Tuesday, 25 May 2010


'Just think, we'll have WI-FI and you'll be able to write your blog on the balcony' said Henderson in an attempt to to boost my negative attitude towards Telefonica. That was over two weeks ago when we ordered it and since then we have opened an account especially for said cartel. Last Saturday they assured me that despite the other assurance that we would have the 'router' in four days we would have it by last Thursday. Yesterday I got a text from them saying it would be delivered and installed ( despite telling them I would install it as I don't want to pay someone else 90 euros to do it ) on the 15th of June. I went into one of their other shops today and asked them about the Broadband/WI-FI offer in the window and how long does one normally wait for it to be delivered and the girl eagerly told me that it wouldn't be more than four days. The words 'really?' and 'sort it out' were then uttered from me and she has since assured me that I will be sitting on my balcon, laptop and Campari writing away pronto.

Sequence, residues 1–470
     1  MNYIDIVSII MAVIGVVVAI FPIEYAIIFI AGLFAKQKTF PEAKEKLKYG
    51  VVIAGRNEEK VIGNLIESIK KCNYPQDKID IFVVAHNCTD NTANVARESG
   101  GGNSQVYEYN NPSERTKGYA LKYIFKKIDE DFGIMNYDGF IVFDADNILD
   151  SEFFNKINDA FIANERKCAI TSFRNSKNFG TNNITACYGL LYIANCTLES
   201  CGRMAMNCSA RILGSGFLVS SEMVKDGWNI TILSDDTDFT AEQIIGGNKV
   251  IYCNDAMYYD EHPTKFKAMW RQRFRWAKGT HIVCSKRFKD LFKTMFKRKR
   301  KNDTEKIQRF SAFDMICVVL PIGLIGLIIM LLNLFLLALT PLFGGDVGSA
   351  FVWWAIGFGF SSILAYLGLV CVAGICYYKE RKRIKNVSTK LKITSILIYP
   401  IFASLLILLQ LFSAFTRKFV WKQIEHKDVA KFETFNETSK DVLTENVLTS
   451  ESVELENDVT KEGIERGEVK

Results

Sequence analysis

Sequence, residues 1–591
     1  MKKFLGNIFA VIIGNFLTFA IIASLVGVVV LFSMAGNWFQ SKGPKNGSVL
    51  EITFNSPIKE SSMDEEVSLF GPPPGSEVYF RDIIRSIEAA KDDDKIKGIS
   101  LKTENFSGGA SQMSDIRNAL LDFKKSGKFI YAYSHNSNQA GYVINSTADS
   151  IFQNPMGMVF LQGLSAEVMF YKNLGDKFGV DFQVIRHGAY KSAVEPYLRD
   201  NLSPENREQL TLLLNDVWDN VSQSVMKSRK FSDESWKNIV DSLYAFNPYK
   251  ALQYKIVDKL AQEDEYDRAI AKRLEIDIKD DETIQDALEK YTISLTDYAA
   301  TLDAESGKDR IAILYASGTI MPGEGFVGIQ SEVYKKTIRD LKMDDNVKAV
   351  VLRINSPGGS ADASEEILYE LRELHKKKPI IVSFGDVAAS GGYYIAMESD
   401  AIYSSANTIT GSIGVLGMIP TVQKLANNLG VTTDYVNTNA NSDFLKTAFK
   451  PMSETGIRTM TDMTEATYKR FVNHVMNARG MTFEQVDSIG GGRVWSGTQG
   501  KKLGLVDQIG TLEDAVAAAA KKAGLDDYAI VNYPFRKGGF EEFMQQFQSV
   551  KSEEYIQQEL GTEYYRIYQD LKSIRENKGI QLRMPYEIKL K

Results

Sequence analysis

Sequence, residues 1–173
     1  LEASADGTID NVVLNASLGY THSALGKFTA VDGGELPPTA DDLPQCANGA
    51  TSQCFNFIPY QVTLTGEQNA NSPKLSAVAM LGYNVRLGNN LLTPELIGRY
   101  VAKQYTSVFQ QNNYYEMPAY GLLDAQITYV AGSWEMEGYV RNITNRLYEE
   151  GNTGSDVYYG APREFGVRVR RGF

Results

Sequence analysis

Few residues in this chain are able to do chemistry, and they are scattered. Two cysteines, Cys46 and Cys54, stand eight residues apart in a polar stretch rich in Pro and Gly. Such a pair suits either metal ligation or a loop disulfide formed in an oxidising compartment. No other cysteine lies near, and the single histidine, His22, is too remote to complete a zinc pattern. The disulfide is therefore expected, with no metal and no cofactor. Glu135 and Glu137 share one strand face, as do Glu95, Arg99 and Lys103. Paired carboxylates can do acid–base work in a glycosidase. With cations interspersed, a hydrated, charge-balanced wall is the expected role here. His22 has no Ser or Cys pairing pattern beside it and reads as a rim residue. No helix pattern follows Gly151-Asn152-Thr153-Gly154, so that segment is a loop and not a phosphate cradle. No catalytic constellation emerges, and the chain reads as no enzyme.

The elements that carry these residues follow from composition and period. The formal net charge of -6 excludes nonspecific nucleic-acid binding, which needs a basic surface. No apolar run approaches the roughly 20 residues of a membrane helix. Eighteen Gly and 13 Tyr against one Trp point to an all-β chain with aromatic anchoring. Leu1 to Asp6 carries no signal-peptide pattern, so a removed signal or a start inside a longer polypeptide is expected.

Afterwards I went to renew my subscription at the Aragonese Institute and to take out a book entitled Orwell en las Tierras de Aragon by Manuel Benito. I know one of the girls who works there, Elba, and she lent me her pen to sign the required form and I started to put the pen in my bag when I'd finished. 'That's my pen' she said. 'Oh, sorry, well, we are in a recession I suppose'. This seemed to make all the staff within earshot laugh and I realised another glib, unfunny remark is taken as 'el Humor Ingles'. As we left I remarked to Henderson that whenever I am in the Institute, which is about four or five times a year I never see anyone else using the facilities. It is housed in a lovely old building next to the park and I wonder how it is going to continue with the state of the economy as it is.